Still, small details could be picked up here and there about all six, such as a mutual dislike among the boys of eggs and cheese, which is often all they had to sustain themselves during the war, and a mutual talent for making their beds in military style, including just-perfect hospital corners.

One, Henry, survived a fierce typhoon off the shore of Okinawa that beached his ship.

Joe’s experience at Anzio prompted him to tell a nephew he didn’t want to talk about what he did and saw in the war.

“You don’t want to know,” he said.

Max may have been the most mysterious. From Australia, he wrote letters home about going to the beach, the movies and so on. He avoided any talk of what he was doing for the military. His military records have vanished, so one quite knows what he did.

Tuberculosis took his life before the end of the 1940s.

All were avid letter writers, according to their family members. They wrote to one another, the sisters back home, their parents and grandparents.

Henry was the last to return home, arriving sometime in 1946. The boys’ father, Felipe Sanchez Y Baca, appointed by President Franklin Delano Roosevelt to be the federal marshal of New Mexico in the 1930s, often deputized the boys to help him transport federal prisoners in the postwar years.

Most of them went to work for various state government agencies after the war. All developed an appreciation for life and for treating others with respect, the younger Ernest Sanchez recalled.

“They were the kindest people ever,” he said. “I don’t know if that was a familial thing or something from the war. ... I don’t know if that was because of the experiences they went through, how much more they valued life.”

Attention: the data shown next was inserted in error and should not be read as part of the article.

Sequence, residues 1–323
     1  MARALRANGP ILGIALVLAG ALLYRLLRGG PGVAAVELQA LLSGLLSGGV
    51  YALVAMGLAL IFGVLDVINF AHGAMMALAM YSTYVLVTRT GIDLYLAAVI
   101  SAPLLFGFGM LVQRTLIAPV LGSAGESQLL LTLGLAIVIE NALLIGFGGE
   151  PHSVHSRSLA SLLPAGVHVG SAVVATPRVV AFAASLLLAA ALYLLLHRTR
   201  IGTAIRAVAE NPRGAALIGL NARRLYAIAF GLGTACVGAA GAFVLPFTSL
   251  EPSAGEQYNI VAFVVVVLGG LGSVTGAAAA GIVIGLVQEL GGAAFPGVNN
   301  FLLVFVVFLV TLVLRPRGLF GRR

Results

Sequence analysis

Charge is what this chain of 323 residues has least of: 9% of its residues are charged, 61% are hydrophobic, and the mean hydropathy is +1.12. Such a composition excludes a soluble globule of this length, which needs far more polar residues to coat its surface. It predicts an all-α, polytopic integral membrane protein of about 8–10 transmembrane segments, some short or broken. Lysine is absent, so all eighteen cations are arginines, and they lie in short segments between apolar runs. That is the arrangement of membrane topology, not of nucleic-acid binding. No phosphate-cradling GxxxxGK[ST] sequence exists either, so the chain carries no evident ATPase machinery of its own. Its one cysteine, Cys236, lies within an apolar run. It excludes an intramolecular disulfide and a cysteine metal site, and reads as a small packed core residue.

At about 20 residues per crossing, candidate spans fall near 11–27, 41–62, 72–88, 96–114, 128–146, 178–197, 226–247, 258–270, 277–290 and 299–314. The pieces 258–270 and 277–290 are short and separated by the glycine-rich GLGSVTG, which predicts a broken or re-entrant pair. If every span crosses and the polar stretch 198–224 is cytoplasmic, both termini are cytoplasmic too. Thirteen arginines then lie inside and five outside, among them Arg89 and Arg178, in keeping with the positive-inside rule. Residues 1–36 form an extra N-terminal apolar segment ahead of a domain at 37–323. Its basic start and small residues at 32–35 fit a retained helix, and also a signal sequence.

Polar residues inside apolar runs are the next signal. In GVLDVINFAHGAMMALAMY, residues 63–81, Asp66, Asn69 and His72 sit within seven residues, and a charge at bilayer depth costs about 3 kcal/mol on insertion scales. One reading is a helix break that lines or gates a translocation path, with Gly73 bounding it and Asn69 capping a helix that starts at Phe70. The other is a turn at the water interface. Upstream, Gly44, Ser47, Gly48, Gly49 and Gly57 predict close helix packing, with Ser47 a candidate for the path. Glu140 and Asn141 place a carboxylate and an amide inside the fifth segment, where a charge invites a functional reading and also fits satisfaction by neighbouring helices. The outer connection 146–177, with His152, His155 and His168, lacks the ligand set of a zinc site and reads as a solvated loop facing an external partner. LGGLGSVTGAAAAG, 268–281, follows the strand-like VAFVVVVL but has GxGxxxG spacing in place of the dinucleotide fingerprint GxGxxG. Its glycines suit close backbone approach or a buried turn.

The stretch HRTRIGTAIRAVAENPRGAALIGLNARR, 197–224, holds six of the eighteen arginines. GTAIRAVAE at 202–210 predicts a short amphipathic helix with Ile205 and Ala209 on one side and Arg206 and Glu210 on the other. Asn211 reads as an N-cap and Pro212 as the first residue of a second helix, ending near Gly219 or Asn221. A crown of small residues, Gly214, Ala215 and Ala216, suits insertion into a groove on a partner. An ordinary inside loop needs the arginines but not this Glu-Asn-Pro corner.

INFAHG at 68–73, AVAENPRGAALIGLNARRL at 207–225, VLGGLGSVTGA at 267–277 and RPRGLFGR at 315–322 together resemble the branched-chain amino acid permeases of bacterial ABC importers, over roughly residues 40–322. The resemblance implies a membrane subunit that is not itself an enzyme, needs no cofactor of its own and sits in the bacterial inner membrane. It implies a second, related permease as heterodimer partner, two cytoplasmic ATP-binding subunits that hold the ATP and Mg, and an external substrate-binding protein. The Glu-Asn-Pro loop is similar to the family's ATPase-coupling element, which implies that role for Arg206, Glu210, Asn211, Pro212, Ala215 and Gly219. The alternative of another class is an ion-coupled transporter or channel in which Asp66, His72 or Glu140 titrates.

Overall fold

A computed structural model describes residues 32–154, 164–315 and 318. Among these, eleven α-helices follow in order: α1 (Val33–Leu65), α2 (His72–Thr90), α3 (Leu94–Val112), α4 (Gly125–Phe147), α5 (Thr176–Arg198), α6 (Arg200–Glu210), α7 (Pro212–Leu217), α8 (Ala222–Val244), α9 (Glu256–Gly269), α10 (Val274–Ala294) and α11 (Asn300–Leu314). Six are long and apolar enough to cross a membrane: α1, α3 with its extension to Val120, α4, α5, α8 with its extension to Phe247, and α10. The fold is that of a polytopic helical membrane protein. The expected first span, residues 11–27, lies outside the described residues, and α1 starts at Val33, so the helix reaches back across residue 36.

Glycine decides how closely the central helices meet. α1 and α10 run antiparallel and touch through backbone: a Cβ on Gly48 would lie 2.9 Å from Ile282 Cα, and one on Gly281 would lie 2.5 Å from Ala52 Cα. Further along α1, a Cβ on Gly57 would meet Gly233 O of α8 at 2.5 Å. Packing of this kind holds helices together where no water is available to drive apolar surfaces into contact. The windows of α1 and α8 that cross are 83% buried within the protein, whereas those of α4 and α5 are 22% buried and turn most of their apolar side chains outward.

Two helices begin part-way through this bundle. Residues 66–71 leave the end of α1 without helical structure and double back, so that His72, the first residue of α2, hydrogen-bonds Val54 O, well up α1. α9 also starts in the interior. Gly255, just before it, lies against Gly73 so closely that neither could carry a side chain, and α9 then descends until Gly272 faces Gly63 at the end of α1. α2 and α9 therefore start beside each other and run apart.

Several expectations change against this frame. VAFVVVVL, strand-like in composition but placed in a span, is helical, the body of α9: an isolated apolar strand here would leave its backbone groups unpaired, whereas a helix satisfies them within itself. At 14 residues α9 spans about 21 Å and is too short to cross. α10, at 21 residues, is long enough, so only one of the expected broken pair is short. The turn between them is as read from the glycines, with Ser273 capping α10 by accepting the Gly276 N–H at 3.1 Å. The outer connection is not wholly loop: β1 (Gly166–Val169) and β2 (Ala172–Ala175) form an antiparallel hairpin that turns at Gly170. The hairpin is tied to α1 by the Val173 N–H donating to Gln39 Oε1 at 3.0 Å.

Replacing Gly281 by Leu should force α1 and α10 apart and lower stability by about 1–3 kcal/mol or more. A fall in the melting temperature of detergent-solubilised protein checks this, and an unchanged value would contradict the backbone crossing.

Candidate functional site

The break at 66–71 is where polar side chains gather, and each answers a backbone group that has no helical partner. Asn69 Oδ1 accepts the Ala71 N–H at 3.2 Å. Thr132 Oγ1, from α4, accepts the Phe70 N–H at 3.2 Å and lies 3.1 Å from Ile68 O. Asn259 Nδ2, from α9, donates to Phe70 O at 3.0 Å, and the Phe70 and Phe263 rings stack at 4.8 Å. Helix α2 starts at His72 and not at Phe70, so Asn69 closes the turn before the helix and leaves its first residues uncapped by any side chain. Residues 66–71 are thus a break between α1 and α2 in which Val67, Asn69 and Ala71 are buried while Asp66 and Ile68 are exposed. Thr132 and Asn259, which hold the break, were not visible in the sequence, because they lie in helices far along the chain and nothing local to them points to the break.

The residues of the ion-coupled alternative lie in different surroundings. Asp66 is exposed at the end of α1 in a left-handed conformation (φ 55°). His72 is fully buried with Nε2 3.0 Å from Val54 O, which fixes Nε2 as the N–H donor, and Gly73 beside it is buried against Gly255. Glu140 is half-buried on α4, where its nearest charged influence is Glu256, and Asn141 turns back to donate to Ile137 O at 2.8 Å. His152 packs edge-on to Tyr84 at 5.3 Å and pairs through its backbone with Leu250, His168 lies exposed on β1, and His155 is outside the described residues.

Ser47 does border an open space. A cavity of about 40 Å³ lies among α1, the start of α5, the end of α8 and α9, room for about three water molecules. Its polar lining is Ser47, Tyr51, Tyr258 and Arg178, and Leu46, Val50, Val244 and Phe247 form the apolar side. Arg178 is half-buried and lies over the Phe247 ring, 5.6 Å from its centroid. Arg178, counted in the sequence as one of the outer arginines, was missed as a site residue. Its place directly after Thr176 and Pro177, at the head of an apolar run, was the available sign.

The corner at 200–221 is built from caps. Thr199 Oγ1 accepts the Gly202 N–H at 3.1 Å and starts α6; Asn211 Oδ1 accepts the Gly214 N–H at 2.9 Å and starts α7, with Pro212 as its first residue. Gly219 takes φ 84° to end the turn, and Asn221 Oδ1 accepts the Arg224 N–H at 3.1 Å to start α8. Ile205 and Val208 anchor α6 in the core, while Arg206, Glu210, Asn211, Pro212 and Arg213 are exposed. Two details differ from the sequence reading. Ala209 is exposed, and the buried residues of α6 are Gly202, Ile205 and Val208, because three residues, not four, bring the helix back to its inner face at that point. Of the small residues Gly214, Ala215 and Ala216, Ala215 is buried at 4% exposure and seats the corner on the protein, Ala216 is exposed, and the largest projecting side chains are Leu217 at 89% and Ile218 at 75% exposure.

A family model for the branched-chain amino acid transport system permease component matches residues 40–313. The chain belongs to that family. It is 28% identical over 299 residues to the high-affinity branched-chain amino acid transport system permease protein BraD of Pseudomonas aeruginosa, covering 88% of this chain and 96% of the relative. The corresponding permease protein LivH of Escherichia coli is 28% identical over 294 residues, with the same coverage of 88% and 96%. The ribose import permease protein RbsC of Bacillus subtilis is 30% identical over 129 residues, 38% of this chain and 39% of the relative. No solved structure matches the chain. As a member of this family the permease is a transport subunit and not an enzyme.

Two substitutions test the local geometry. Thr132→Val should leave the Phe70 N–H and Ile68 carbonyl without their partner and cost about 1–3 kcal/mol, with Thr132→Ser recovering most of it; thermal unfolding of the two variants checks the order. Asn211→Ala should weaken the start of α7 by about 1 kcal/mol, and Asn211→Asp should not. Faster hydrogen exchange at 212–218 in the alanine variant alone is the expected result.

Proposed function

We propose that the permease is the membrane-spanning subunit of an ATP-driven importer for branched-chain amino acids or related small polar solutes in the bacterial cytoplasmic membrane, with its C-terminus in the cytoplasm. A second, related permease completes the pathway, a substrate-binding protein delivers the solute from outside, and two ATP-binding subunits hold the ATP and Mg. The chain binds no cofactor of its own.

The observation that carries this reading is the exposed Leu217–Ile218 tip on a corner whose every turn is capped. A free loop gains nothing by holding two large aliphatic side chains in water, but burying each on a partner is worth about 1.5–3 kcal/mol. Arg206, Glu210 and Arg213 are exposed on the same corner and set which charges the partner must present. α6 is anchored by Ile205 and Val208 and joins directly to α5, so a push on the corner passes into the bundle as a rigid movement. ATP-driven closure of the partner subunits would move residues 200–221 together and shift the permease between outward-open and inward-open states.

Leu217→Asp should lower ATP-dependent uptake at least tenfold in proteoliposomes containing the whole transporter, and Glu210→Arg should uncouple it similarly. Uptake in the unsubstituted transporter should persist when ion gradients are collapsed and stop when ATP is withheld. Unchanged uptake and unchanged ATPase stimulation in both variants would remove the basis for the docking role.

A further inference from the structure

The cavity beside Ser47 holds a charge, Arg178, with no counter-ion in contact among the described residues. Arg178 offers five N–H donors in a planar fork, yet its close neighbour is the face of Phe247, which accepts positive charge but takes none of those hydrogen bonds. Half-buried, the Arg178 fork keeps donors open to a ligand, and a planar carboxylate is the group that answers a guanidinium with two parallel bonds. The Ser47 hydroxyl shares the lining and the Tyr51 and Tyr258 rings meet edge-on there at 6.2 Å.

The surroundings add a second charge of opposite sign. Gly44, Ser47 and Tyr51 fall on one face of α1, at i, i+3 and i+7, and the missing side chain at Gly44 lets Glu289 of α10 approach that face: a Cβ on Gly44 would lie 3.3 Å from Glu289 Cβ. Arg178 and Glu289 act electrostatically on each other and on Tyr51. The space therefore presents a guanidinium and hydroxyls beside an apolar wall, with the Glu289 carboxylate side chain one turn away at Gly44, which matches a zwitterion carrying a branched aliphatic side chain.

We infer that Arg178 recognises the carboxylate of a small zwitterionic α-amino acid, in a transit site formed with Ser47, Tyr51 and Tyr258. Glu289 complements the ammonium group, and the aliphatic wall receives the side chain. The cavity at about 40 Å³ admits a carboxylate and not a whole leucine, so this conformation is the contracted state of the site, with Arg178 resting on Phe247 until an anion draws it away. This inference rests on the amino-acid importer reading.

Time ran out on all of them, with Max dying first, in 1949, and then Gilbert, the oldest, in 1952. Joe went in 1982, Phillip in 1998, Ernest in 2008 and Henry, the youngest, late in 2021.

All are interred at the Santa Fe National Cemetery. They left behind photos, military awards, letters, certificates and banners, and memories for their children and nieces and nephews to share.

Their descendants began talking in the fall about honoring them in the Hometown Heroes program. There have been stories of famous fighting brothers passed down in American lore before — like the saga of the Sullivan Brothers, five U.S. Navy sailors who all died in action when their ship went down in battle in November 1942.

The Sanchez brothers all served in different places and campaigns, but their story is just as important as those of any brotherly band that fought in World War II, their children, nephews and nieces say.

“We need to emphasize this love of country they had,” said Surplus.

John T. Sanchez, Phillip’s son, thinks about those ties — even now, decades after the guns went silent.

This family’s story is a shared history. A tale of New Mexico. Something that can still be accessed in a way that a movie — Saving Private Ryan, Band of Brothers — can never quite touch.

“These six men, these six brothers, two of whom I never knew, were men of duty and honor,” he said. “Their father taught them from an early age about duty and responsibility.

“These six brothers did not have to serve, but chose to do because they knew it was the right and patriotic thing to do for a country that had given them so much. These are the values that my dad and my uncles Joe, Ernest and Henry passed on to us. That is why we are honoring them.”

(c)2022 The Santa Fe New Mexican (Santa Fe, N.M.)

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Distributed by Tribune Content Agency, LLC.

(Christopher Muncy/U.S. Air Force)